Greek companies’ pretax profits have posted a dramatic 86 percent decline over the last five years, according to a survey of 4,997 firms by Grant Thornton.
The profit slide for those companies added up to 5.3 billion euros in the period from 2009 to 2014, while their work forces shrank by 19 percent and their taxpaying capacity declined by 60 percent.
The results of the survey were presented on Tuesday at Grant Thornton’s annual international conference, which was hosted in Athens for the first time, in the presence of Grant Thornton International head Edward Nusbaum.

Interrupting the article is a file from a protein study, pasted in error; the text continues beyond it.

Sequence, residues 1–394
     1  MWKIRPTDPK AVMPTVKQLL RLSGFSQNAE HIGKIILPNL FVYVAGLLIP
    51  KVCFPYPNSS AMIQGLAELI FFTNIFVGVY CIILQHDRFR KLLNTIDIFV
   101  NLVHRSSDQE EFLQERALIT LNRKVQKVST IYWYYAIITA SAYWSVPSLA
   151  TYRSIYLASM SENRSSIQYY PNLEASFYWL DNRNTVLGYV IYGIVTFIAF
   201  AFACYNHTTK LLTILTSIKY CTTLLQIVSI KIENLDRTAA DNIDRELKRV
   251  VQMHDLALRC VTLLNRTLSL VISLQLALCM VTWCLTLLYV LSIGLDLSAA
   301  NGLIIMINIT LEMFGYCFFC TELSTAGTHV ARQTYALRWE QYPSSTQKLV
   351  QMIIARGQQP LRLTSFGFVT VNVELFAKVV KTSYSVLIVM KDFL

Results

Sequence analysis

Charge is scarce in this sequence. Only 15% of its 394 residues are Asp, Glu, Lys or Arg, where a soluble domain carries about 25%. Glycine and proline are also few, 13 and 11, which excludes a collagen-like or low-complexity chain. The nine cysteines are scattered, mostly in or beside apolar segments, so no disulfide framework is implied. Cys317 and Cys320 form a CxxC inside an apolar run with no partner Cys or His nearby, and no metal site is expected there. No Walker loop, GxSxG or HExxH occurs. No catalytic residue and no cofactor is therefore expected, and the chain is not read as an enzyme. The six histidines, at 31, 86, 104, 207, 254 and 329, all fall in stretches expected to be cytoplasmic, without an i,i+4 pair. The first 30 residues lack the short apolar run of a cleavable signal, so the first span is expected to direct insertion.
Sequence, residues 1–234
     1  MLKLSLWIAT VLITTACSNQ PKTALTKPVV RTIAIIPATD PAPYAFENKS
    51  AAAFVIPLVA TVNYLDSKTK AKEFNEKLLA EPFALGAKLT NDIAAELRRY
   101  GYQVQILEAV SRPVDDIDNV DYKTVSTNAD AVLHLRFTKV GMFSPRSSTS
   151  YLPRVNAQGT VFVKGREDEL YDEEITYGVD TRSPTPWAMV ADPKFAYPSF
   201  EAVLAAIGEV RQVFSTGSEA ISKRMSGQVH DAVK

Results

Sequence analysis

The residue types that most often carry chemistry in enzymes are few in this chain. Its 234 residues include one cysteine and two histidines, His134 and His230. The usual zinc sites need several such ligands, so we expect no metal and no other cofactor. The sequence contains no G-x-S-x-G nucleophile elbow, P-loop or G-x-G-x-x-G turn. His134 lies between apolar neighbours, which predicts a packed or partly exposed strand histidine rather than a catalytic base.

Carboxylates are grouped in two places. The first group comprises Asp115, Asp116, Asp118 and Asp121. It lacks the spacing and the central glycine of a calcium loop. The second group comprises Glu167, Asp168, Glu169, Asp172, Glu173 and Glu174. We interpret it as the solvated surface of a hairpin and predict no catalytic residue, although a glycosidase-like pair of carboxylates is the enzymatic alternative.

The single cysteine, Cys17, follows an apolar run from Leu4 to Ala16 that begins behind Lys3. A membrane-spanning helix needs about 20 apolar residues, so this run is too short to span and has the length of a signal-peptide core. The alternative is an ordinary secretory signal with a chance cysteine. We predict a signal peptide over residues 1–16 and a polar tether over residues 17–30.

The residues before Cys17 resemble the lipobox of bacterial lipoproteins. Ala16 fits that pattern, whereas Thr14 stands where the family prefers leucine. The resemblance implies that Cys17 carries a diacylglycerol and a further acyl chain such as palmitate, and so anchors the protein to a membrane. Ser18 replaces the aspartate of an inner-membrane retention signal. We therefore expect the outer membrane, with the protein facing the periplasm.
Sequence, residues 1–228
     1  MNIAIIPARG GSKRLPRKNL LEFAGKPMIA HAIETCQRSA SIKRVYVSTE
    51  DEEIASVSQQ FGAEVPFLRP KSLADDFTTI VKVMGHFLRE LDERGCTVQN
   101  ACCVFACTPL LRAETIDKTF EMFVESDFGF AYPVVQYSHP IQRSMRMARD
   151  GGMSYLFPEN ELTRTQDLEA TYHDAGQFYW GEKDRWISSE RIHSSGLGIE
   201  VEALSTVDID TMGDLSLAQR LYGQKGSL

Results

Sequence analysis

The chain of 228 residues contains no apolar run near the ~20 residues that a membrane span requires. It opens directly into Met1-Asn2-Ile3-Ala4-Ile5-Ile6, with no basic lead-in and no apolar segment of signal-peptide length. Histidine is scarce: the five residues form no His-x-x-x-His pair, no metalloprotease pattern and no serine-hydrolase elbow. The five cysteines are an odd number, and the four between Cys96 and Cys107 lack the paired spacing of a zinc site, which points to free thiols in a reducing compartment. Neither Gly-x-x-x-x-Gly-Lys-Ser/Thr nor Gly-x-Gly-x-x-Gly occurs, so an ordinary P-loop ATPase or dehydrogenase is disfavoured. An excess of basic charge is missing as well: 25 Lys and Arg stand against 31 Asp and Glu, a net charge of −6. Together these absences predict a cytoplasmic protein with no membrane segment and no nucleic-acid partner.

The analysis of the survey’s findings showed a major drop in the operating profits of the sampled companies by 32 percent or 4.8 billion euros, in their net assets by 2.6 billion euros, and in their net borrowing by 7.5 billion euros: Total borrowing declined from 44.7 billion euros in 2009 to 37.3 billion euros last year. This drop is due to pressure from the credit sector for the repayment of loan obligations, which has resulted in a fall in the realization of new investments.
The sectors with the highest debt burden are tourism, entertainment and information, fish farming, vehicle imports, food service etc.